January 15 marks the 102nd anniversary of the murders of revolutionaries Rosa Luxemburg and Karl Liebknecht, two of the most prominent German socialists of the early twentieth century. They were active at a time when Germany had a powerful workers’ movement, rife with socialist ideas. When these two leaders of international socialism learned that their party had supported German involvement in World War I, they were crushed by the blow. The parliamentary leaders of their own working class party had betrayed its goal: a world without borders, unity of the workers of the world against the international capitalist rulers.
Yes, in fact, on August 14, 1914, the SPD fraction in the German parliament voted in favor of war credits, enabling the defense of the interests of German capitalism. The SPD’s truly anti-socialist chairman, Hugo Haase, is remembered for his words, “We will not desert our fatherland in its hour of need.” Luxemburg and Liebknecht saw this as a clear betrayal of socialist values. After all, their enemies were not workers from other countries, conscripted to fight in the war, but the capitalists of their own country. Luxemburg and Liebknecht worked tirelessly to oppose the war, and broke away from the SPD to form the Spartacus League. They were imprisoned in 1916-1918 for their anti-war efforts. The Spartacus League, later to become the Communist Party of Germany (KPD), opposed WWI as an imperialist war. It also had a strictly revolutionary perspective, and strove to make clear to the working class that purely parliamentary methods would never be enough.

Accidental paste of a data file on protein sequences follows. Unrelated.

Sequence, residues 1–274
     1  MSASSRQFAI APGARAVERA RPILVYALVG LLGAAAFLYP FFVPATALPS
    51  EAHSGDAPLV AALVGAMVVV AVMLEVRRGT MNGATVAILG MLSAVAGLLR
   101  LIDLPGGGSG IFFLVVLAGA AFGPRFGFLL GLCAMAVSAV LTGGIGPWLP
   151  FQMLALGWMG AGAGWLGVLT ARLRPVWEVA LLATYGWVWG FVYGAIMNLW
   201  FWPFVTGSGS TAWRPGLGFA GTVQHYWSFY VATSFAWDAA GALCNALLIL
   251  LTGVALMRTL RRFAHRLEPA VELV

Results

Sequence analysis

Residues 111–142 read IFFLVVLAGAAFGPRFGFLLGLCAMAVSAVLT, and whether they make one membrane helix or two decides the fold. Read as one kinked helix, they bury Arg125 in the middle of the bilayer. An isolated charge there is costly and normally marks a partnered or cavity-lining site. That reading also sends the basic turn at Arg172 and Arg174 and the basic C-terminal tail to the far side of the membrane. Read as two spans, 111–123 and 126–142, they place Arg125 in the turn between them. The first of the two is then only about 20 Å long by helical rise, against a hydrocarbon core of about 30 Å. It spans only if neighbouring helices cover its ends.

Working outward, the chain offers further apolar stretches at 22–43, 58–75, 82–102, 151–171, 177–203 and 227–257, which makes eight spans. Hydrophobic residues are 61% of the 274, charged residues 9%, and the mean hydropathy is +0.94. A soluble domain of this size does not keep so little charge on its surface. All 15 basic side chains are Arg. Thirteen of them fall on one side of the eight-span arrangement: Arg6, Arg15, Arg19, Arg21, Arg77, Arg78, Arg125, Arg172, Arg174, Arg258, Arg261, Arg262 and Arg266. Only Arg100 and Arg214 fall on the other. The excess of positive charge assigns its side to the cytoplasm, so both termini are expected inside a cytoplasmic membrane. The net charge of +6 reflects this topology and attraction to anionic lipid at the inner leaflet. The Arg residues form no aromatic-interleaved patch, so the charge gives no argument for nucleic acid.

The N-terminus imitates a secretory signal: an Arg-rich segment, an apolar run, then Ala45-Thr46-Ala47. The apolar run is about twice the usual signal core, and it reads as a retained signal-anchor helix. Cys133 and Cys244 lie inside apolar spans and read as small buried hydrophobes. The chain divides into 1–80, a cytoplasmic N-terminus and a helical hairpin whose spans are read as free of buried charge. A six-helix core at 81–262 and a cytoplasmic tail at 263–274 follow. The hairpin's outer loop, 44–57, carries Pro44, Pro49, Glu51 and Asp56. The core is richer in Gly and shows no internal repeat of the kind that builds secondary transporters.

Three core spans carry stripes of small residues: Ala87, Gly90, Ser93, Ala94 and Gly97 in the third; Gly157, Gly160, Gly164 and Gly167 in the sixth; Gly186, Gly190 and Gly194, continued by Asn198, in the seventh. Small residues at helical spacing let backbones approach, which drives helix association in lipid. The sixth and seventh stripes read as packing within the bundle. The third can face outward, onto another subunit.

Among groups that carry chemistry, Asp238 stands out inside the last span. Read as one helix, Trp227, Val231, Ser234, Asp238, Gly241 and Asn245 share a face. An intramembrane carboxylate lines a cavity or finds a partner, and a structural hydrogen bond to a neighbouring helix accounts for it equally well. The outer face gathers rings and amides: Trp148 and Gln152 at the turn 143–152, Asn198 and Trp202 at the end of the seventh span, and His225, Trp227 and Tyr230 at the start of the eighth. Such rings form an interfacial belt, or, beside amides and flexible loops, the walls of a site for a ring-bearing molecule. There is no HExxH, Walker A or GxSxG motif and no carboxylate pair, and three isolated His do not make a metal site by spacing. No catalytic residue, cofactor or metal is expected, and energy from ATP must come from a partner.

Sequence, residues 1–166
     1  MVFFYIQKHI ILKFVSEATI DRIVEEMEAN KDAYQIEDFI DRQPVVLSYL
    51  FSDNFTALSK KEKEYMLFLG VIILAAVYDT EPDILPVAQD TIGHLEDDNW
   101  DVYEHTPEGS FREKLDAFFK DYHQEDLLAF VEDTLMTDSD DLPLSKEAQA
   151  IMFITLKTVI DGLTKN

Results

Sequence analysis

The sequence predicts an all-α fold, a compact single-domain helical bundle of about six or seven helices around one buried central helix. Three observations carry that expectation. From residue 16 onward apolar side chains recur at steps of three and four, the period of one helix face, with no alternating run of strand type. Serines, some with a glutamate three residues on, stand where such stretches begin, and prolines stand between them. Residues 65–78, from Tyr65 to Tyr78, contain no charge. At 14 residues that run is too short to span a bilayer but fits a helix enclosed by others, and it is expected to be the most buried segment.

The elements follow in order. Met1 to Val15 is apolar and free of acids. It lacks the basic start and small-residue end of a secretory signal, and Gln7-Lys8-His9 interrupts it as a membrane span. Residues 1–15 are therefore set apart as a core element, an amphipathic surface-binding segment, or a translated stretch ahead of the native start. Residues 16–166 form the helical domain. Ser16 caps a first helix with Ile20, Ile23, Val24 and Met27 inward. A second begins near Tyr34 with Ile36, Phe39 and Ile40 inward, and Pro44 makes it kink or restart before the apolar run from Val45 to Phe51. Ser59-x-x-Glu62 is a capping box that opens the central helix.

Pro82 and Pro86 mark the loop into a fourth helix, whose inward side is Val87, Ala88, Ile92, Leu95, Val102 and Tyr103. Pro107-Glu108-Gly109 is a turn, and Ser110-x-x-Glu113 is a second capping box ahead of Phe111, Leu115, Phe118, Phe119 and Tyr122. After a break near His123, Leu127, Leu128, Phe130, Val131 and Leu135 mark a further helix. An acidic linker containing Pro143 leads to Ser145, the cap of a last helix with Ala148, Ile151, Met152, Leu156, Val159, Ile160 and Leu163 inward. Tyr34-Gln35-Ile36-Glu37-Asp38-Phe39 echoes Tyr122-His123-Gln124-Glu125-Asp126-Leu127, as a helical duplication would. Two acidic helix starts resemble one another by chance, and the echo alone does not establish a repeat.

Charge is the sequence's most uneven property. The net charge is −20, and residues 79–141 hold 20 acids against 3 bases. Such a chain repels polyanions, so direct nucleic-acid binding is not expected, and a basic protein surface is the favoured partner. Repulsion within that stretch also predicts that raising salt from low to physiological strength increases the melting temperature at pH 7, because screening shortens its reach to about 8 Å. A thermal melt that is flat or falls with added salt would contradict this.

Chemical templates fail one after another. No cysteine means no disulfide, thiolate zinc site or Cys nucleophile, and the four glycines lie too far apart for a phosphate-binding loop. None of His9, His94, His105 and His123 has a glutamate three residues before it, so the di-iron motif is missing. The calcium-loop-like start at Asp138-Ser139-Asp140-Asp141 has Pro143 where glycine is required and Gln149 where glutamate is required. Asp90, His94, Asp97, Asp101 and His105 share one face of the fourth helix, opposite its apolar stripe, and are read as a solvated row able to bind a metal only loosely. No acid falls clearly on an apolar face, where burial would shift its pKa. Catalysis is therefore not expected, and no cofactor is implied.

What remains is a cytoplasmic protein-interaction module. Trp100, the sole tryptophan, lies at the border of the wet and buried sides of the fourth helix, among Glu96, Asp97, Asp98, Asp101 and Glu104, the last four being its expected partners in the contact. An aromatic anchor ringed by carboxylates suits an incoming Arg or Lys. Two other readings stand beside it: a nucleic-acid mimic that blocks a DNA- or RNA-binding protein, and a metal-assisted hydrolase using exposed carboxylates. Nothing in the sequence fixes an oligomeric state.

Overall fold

These two revolutionaries championed the need for a government based on workers’ councils. This method of organization had been successful in Russia, a country which had overthrown the czar and created the world’s first workers’ state in 1917. They knew the workers’ state in Russia would not survive alone, isolated and attacked on all sides by the most powerful capitalist countries. A workers’ revolution was also needed in Germany.
The SPD, on the other hand, put its faith in the bourgeois German Weimar Republic, a pseudo-democratic government formed in 1918 upon the abdication of Kaiser Wilhelm II at the end of WWI. With SPD leader Friedrich Ebert as its first chancellor, the Weimar Republic fought viciously to contain the more revolutionary left currents. With Germany defeated and disarmed, their aim was to bring about a peace with capitalism, not communist revolution.
In early January of 1919, the KPD helped launch the Spartacist uprising. This involved massive workers’ street demonstrations and calls for a general strike meant to destabilize the Weimar government. The Freikorps (a German paramilitary force) crushed the uprising by orders from the SPD chancellor. On January 15, 1919, the Freikorps snatched Rosa Luxemburg and Karl Liebknecht from an apartment where friends were hiding them. Luxemburg was tortured and killed; her body dumped into a canal to be found four months later. Liebknecht was taken to a park and shot in the head.
Today, socialists still commemorate them yearly at their gravesites, celebrating the lives of these revolutionaries who fought, and died, for a better world.